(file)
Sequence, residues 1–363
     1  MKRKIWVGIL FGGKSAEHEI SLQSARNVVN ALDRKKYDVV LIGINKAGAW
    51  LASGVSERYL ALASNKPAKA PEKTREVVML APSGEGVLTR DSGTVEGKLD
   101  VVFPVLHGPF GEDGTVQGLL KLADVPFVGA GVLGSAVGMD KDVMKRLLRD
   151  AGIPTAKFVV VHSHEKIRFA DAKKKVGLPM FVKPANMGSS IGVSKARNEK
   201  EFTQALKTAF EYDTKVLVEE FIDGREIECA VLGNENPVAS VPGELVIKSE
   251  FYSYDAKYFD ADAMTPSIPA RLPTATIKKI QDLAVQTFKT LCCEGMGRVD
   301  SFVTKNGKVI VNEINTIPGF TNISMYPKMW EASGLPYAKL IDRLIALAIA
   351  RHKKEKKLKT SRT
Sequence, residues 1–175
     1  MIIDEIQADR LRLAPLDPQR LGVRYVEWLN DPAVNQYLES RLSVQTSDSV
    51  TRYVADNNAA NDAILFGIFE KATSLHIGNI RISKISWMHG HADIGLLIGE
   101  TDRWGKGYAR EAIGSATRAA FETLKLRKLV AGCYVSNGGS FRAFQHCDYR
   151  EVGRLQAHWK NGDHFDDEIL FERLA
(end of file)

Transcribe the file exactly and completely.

Sequence, residues 1–363
     1  MKRKIWVGIL FGGKSAEHEI SLQSARNVVN ALDRKKYDVV LIGINKAGAW
    51  LASGVSERYL ALASNKPAKA PEKTREVVML APSGEGVLTR DSGTVEGKLD
   101  VVFPVLHGPF GEDGTVQGLL KLADVPFVGA GVLGSAVGMD KDVMKRLLRD
   151  AGIPTAKFVV VHSHEKIRFA DAKKKVGLPM FVKPANMGSS IGVSKARNEK
   201  EFTQALKTAF EYDTKVLVEE FIDGREIECA VLGNENPVAS VPGELVIKSE
   251  FYSYDAKYFD ADAMTPSIPA RLPTATIKKI QDLAVQTFKT LCCEGMGRVD
   301  SFVTKNGKVI VNEINTIPGF TNISMYPKMW EASGLPYAKL IDRLIALAIA
   351  RHKKEKKLKT SRT
Sequence, residues 1–175
     1  MIIDEIQADR LRLAPLDPQR LGVRYVEWLN DPAVNQYLES RLSVQTSDSV
    51  TRYVADNNAA NDAILFGIFE KATSLHIGNI RISKISWMHG HADIGLLIGE
   101  TDRWGKGYAR EAIGSATRAA FETLKLRKLV AGCYVSNGGS FRAFQHCDYR
   151  EVGRLQAHWK NGDHFDDEIL FERLA